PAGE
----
When Volkswagen launched its "People’s Car" project, soliciting ideas for futuristic visions and concepts that could be made into reality, more than 119,000 ideas were posted, including the Hover Car, the Music Car, and the Smart Key. All were highlighted at the 2012 Beijing Auto Show.
The Music Car concept involves an LED-covered Volkswagen Beetle that changes color to match the music selections of the driver, while the zero-emission, two-seated Hover Car levitates above the road and propels itself forward using electromagnetic road networks.
The Smart Key concept caters to the uber-attached, providing them with a 9mm HD touchscreen on the ignition key that monitors the status of the car throughout the day and keeps tabs on it via satellite transmission.
People needs the stylish and well developed cat that must have all the facilit that a car should have. Just like the volkswagen car which is well known in people for its features as well as the sedan structure. But later on so many cars invented in market like the Hover that people started to use in a huge number. I like to ride Volkswagen car because it needs less maintenance than other vehicle and helpful to people for easy and comfortable driving. Volkswagen Repair Duluth, GA
Bobjengr, I don't know how the video was made, but it is a pure hoax while being an entertaining bit of graphics. First of all, the stated principle of levitation is not valid, and secondly, the methods of levitation that could work for an object like that car would be way to heavy and much to large. So what we have is a video less close to reality than that Rocky and Bullwinkle movie.
The proper place for a video like this would be in a science fiction publication, or in a gaming magazine.
OK Sylvie-- Fact or fiction? I this some very very cleaver computer-aided video or the real thing? If the real thing, I have to handed it to VW. They have certainly one great imagination. I really like the "crash-avoidance" feature. Very interesting. Great post.
This time you only missed the April 1 date by a few days. This is a good example of what computer animation and graphics processing can do, but it is far away less believeable than Roadrunner and Coyote.
This would be appropriate for an April 1 issue, but not really any other time. Of course it could be sort of entertaining to see just how it was produced. But really, even over an active magnetic track it would not ride that far up. And once again, it simply could not carry enough energy to deliver that kind of power.
Also, at one point we saw the blue glow underneath the vehicle. is this really a car using warp drive? Don't tell us it is magnetic levitation if it was really a warp drive system, using the dilithium crystals.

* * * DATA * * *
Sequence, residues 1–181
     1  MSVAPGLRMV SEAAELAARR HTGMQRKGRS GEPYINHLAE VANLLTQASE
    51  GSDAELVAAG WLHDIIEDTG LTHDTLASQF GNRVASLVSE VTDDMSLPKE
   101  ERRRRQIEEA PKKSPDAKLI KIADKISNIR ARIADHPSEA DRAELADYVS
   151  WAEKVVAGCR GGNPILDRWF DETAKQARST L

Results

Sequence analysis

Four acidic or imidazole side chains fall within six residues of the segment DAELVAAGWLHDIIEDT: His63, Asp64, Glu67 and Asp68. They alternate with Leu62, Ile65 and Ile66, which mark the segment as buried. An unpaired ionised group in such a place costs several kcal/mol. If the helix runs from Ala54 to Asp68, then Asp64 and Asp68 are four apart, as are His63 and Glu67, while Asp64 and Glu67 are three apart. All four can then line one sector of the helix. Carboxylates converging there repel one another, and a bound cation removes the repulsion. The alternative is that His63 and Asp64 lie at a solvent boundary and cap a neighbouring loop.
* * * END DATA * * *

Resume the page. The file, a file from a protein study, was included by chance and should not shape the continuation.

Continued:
Many years ago I designed the controls for a mag-lev hover train that did work. But the power source was on the track side because there was simply no way that thyhe train car could carry enough power to lift itself for any amount of time.
Another thing is certain is that the car is not working with the "minerals in the ground" to produce a useable amount of lift.Just assume 100% efficiency and do the math.
I remember Moller's skycar designs since from when I was a kid reading Popular Science in the early 1970s. To my knowledge, not one of them ever managed to carry a human being on board.
I've seen many engineers shake their heads in disgust over two decades at the ridiculous claims he made. These things were never able to fly. They preyed upon hapless, ignorant investors with all sorts of idiotic claims for engines that are thermodynamically unlikely.
The noise from the engines was the least of his problems.
Samsung's Galaxy line of smartphones used to fare quite well in the repairability department, but last year's flagship S5 model took a tumble, scoring a meh-inducing 5/10. Will the newly redesigned S6 lead us back into star-studded territory, or will we sink further into the depths of a repairability black hole?
In 2003, the world contained just over 500 million Internet-connected devices. By 2010, this figure had risen to 12.5 billion connected objects, almost six devices per individual with access to the Internet. Now, as we move into 2015, the number of connected 'things' is expected to reach 25 billion, ultimately edging toward 50 billion by the end of the decade.
NASA engineer Brian Trease studied abroad in Japan as a high school student and used to fold fast-food wrappers into cranes using origami techniques he learned in library books. Inspired by this, he began to imagine that origami could be applied to building spacecraft components, particularly solar panels that could one day send solar power from space to be used on earth.
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